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The initial detection of semantic incongruity (250 ms) and discourse level meaning (Frishkoff et al. Comparison of responses to novel versus posterior cingulate cortices, respectively (Tucker & versus repeated words revealed activity in regions associLuu, 2006). According to these data, while the posterior cinguated with lexical (word form) and semantic priming. Gray areas mark intervals from 200 to 500 ms when semantic effect is statistically significant. The progression of In this final section, we describe recent evidence that sugactivity, with early signs of engagement of limbic regions gests an integral role for motivational and emotional conand later signs of engaging frontopolar cortex, may be sugstraints on semantic processing. Hemispheric Contributions to gressively articulated through re-entrant arbitration with somatic representations of environmental referents. According to this view, the left hemisphere motivational, and emotional processes that are subserved facilitates processing of close (or focal) semantic relationat least in part by subcortical brain structures. As predicted, implies that meaning itself is organized around a visceral they observed that negative arousal selectively enhanced base, such that language cannot be abstracted from this base. Interestingly, negative affect (but not positive sensorimotor cortices through such mechanisms as timeaffect) was associated with effects over medial frontal scalp locked retroactivations of the sensorimotor regions. Episodic memory, amnesia, and frontal cortex the hippocampal-anterior thalamic axis. Mind, brain, and consciousness: the neuropsychology of integration of meaning requires participation of corebrain cognition. The patterns of activity observed in this hierarchy: Elementary motivational controls of network function. Brain electrical correlates of emotion and attention in lexical semantic priming. PhD Thesis, University of Oregon, decision, it imples a form of vertical integration, in recruitEugene, Oregon. Vertical integration of neurolinguistic mechA future challenge for the neuroscience of language anisms. Architecture and connections of corics at each stage in neurolinguistic processing. The case for of different brain regions, refiecting a unified architecture cognitive impenetrability of visual perception. Microgenesis of Language: Vertical Integration of Linguistic Mechanisms Across the Neuraxis 55 Rosenthal, V. Microgenesis, immediate experience, and visual Readings related to anatomical structure and neurolinguistic function processes in reading. Brain architecture: Understanding the basic plan and reviews current controversies. Motivated anatomy: A core-and-shell model of (item-based or lexical) versus sentence-level (relational) semantic processcorticolimbic architecture. Results may support the idea that word-level semantic processing ropsychology (2nd edn, Vol. Mind from body: Experience from neural structure Provides evidence to support the view that complexity of object represenNew York: Oxford University Press. Corticolimbic resothat anteromedial temporal cortex (including the perirhinal cortex) funcnance and the adaptive control of memory. Further Readings Readings related to vertical integration: coordination of internal and external Readings related to principles of brain structure and function contexts for meaning. Corticalguistic processing that emphasizes vertical integration of language at each subcortical pathways shape cognitive, emotional, and motivational processes. The introduction to this chapter warns the general When considering the results of each method, the reader reader of conceptual hazards associated with all neuroimaging should always be aware of the degree of resolution that methods. Subsequent sections can be read independently; they method allows: both in terms of space and time. Some images are in only two techniques are applied (van Lancker-Sidtis, 2006; Bennett dimensions corresponding to forces that are derived from et al. Handbook of the Neuroscience of Language 57 All rights of reproduction in any form reserved. While, for instance, an experimental subject is concentrating on, say, reading a poem in a foreign language, only a miniscule part of her brain is involved in that task. Her brain is associating the poem that she is from the leathery outer envelope of the brain (see Chapter reading with the rest of her life. Signals All of these tasks are being carried out in the living brain are generated by large clusters of cortical pyramidal neuthat is being scrutinized by some imaging method. When interpreting the brain imagstronger) when measured from subdural electrodes (elecing data of, say an experimental subject reading a poem in trodes on the surface of the brain). Some of these elements are associated with the changes in general states of vigilance such as arousal particular patterns of brain activity that may be relevant in or consciousness. The P3 is the third positive peak (in language experiments typically 50 or more) and averages (P for positive) that appears after stimulus onset (Box 6. Panel A: the subject views the letter X or O presented on a mented into 800 ms time windows (or epochs). The recorded is much stronger for the infrequent O compared to the frequent signals are filtered and amplified, making it possible to see the X stimuli.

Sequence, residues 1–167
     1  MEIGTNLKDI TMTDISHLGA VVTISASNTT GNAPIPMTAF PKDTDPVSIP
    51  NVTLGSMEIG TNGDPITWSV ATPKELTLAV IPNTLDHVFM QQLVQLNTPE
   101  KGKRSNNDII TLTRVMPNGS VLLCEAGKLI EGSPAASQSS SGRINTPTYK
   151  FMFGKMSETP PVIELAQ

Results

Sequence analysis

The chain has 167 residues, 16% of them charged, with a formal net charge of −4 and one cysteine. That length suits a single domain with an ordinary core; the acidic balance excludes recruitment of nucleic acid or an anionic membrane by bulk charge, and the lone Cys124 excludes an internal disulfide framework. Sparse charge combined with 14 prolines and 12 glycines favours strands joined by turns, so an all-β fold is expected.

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The 1989 manuscript revealed that men with the lowest weights at birth and 1 year of age had the highest death rates from cardiovascular disease. A subset of these men was further used to evaluate the relationship between insulin sensitivity and birthweight. Specifcally, 468 men born, raised, and living in 13 east Hertfordshire were studied after ingesting a 75-g glucose drink. Men with impaired glucose sensitivity and non-insulin-dependent diabetes were characterized by a lower weight at birth and 1 year of age. Furthermore, the percentage of men with impaired insulin sensitivity decreased as weight increased at 1 year of age; this progression was statistically signifcant and independent of the adult body mass. This concept, that reduced growth in early life leads to impaired glucose tolerance, 20 has affected the way multiple clinicians and investigators now approach perinatal metabolism and nutrition. These investigators and the people of Hertfordshire continue to contribute signifcantly to our understanding of the relationship between early nutrition and growth and adult diseases. Low birthweight in men from this population increases the risk for cardiovascular disease, whereas low birthweight in women predisposes the affected adults to cardiovascular and musculoskeletal disease as well as pneumonia and diabetes. Although there are gender differences, the data suggest that an increase in birthweight by 1 standard deviation would reduce mortality for both sexes at age 75 by 0. This study was established in 1976 when approximately 122,000 married female registered nurses, ages 30 to 55 years, responded to a mailed questionnaire about their life histories. The study has continued through follow-up questionnaires every 2 years eliciting updated histories and medical information. This study added weight to the observations of Barker and colleagues by noting a signifcantly increased relative risk for non-insulin-dependent diabetes in women who had low birthweight 16 (<5. Adjusting for age, body mass index, and maternal history of diabetes strengthened the association between low birthweight and non-insulin-dependent diabetes. No signifcant effects on relative risk were noted after adjustment for prematurity, multiple births, maternal age at birth, participant breastfeeding, ethnicity, parental occupation at age 16 years, paternal diabetes, participant height, parity, cigarette smoking, and physical activity. Nonfatal myocardial infarctions were included as an endpoint of the study if they met the criteria of the World Health Organization. Nonfatal strokes were included as another endpoint if they met the criteria of the national survey of stroke. For every 454-g increase in birthweight, a 5% decrease in the risk for nonfatal myocardial infarction was noted, as was an 11% decrease in the risk for nonfatal stroke. As with the previously mentioned study focusing on insulin resistance, these fndings were largely independent of other key factors, such as adult body weight, hypertension, diabetes, lifestyle, and childhood socioeconomic class. The investigations involving these three cohorts have provided important and seminal insight into the relationship between early growth and nutrition and adult diseases. They have provided an impetus to further studies that identify possible physiologic and molecular mechanisms, which may lead to either in utero interventions or postnatal therapies to moderate the impending risks. The frst part discusses recent insights into how fetal growth restriction affects phenotype in humans, with animal studies used to focus on possible mechanisms. The discussion is not meant to be all inclusive but rather focuses on some of the most recent and provocative observations. The second part discusses recent insights into how growth restriction in the premature infant potentially affects later morbidities and how dietary interventions may either contribute to or moderate these effects. C Intrauterine Growth Restriction Multiple studies from different regions of the world containing racially distinct cohorts have associated fetal growth restriction with the adult morbidities previously discussed. One of the more recent trends is the realization that the lasting effects of fetal growth restriction are evident in both early life and adulthood. These fndings pertain to issues involving glucose homeostasis, lipid biology, and hypertension; however, an important central theme to this literature, as well as the literature focusing on adult phenotype, is that cohorts differ, whether because of the etiology of fetal growth restriction or the postnatal consequences. As a result, fndings between these studies differ slightly, which allows for the wonderful conundrum that multiple mechanisms are likely to be involved. At 48 hours of life, glucose and insulin levels were measured in these infants, and at 1 and 3 years of life, an intravenous glucose tolerance test was assessed after an overnight fast. The authors concluded that the reduced insulin sensitivity in adulthood may contribute to the enhanced risk for non-insulin-dependent diabetes in adulthood. Interestingly, lipid oxidation 23 was increased nearly twofold, although not signifcantly based on variation. The next sections delve into the specifc mechanism through which intrauterine growth restriction induces many of these phenotypic changes involving glucose metabolism, lipid homeostasis, and other cardiovascular risk factors. Among the most important functions of leptin is the regulation of hypothalamic centers that determine, at least in part, whole body energy expen25 diture and fat mass. As a result, humans and rodents lacking either leptin or the leptin receptor develop severe obesity and hyperphagia. The failure of the increased levels of leptin to regulate weight loss suggests a potential state of leptin resistance in many cases of obesity. In pregnancy, maternal serum leptin levels peak in the second trimester and 26 subsequently plateau. At term, maternal leptin levels are about three times those of a nonpregnant woman. Placenta does produce leptin, and placental weight also correlates 29,30 with umbilical cord leptin levels. The placenta releases 98% of its leptin into the maternal circulation and 2% into the fetal circulation. Studies in the rat suggest that this surge moderates the continuing development of hypothalamic regions associated with energy homeo31 stasis. The implication of course is that the postnatal surge in leptin functions as an important developmental signal to the hypothalamus and subsequently infuences food intake and body weight throughout life. No signifcant differences were noted between male and female infants of either group. As expected, umbilical cord serum leptin levels correlated with neonatal birthweight. This correlation is C intriguing because of reports associating an increased risk for adult morbidities, such as insulin resistance, in growth-restricted infants who experience the most rapid catch-up growth. Interestingly, leptin levels were also positively associated with fasting insulin levels in both study groups, although the association was stronger in the appropriate-sized controls. Increased umbilical cord serum leptin levels have been noted in at least one study, and another study found no signifcant differences in leptin levels between the two groups after adjusting for fetal weight (leptin/kg). One cause of the discrepancies may be due to a purported relationship between fetal oxygenation and acid-base status and fetal leptin levels: higher serum leptin levels characterize fetuses suffering from severe distress. Gestational age also affects the correlation between fetal growth and umbilical cord serum leptin levels. These discrepancies remind us that leptin is likely to be just one strand of the web, and that the importance of leptin cannot be appreciated without either testing the strength of the strand or identifying other interacting strands. One tool through which to perform these tests is the use of animal models of growth restriction. Multiple variations on the theme exist with this model system, including maternal caloric, caloric-protein, or protein deprivation, respectively. Moreover, moderate controversy exists on whether protein-calorie deprivation is more relevant than protein deprivation with an isocaloric diet because the latter adds the variable of an increased proportion of either carbohydrate or fat. Considering the wide continuum of human living conditions, all of the variations of this model are relevant and translational, but the differences between the models are important to note when evaluating and applying the data. In most studies, these animals develop components of the morbidities afficting growth-restricted humans, including insulin resistance, dyslipidemia, and hypertension. In a wonderfully methodical study, Fernandez-Twinn and colleagues reduced maternal protein intake to 50% of controls and measured the circulating levels of several hormones, including leptin, 35 through the pregnancies.